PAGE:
Ursula von der Leyen announced the Green Industrial Plan in Davos

The European Commission has a green industrial plan that will make Europe the home of clean technology and industrial innovation, EC President Ursula von der Leyen said in her speech at the World Economic Forum in Davos. We have a plan, the Green Industrial Plan, which will make Europe the home of clean technology and industrial innovation on the way to zero carbon dioxide emissions, Lajen pointed out. That plan should be part of the European response to the American program of subsidies and tax breaks in the field of green technology.

Leyen pointed out that the Green Industrial Plan rests on four pillars: regulatory environment, financing, skills and trade.

We need to create a regulatory environment that allows us to expand rapidly and create favorable conditions for the sectors that are key to achieving the goal of zero net emissions. These include wind power, heat pumps, clean hydrogen and storage.

Ursula von der Leyen, EC President

For this purpose, the EC will propose a new law for an industry with zero greenhouse gas emissions following the model of the law for semiconductors.

The new law on zero-emission industry will identify clear targets for clean technology in Europe by 2030.

Ursula von der Leyen, EC President

She added that the purpose of this law will be to direct investments in strategic projects throughout the entire supply chain and that the priority will be how to simplify and speed up the issuance of permits for the production of clean technologies. In parallel, the EC will study how to speed up the approval of important clean technology projects of common European interest, how to facilitate financing and simplify the access of small businesses and all member states to these projects.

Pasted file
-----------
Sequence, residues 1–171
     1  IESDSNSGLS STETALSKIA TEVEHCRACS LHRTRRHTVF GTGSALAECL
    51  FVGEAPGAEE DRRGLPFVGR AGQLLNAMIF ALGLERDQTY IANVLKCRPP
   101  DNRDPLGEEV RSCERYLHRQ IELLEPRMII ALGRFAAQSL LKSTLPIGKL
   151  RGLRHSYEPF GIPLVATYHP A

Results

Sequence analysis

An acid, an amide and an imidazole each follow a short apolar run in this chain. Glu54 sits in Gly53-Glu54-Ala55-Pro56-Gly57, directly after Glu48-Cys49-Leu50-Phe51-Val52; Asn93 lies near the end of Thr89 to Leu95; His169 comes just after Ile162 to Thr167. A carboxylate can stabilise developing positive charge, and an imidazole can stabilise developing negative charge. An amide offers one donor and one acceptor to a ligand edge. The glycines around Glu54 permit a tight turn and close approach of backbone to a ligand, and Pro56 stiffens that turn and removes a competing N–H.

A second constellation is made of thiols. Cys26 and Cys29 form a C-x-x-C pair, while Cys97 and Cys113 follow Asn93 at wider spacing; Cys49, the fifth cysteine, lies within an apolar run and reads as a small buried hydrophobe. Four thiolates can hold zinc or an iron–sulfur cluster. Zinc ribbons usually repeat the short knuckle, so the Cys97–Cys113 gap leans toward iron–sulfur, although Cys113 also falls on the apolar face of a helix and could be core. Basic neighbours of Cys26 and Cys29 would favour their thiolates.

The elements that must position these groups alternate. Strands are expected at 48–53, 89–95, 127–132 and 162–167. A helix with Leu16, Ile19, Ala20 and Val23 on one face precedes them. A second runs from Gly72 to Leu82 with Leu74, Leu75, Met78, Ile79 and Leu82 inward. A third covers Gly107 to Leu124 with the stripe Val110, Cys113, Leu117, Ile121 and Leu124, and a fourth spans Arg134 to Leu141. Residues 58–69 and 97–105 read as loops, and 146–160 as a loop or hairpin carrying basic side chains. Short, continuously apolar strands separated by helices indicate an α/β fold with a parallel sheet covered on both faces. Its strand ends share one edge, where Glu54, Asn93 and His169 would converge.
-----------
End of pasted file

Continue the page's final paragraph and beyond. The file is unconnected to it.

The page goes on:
As part of the second pillar of the Green Industrial Plan, the EU intends to strengthen investment and financing of clean technology production. In that direction, the EC will propose a temporary adaptation of the state aid rules.

These include tax incentives and targeted aid for production in the strategically important clean technology chain to counter the risks of relocation of production facilities to third countries due to foreign subsidies.

However, Leyen points out that the EC is aware that state aid cannot be a complete solution because only a few member states have enough fiscal capacity to subsidize the industry, which would then lead to fragmentation of the internal market. It is therefore necessary to strengthen funding at EU level to avoid fragmentation of the single market and to support the transition in all Member States, not just some.

It will provide a structural solution to strengthen resources for research, development and strategic industrial projects, which are key to achieving zero emissions. But since this will take some time, we will consider a solution to provide quick and targeted support where it is most needed, Laien indicated.

For the third pillar of the Green Industrial Plan, she indicated “the development of skills, because even the best technologies are only valid if there are qualified people who are able to manage and use them.”

Leyen points to the facilitation of equal and open trade, which will benefit all, as the fourth pillar. Therefore, the EU will push for trade agreements with countries such as Canada, Great Britain, Mexico, Chile, New Zealand and Australia. 

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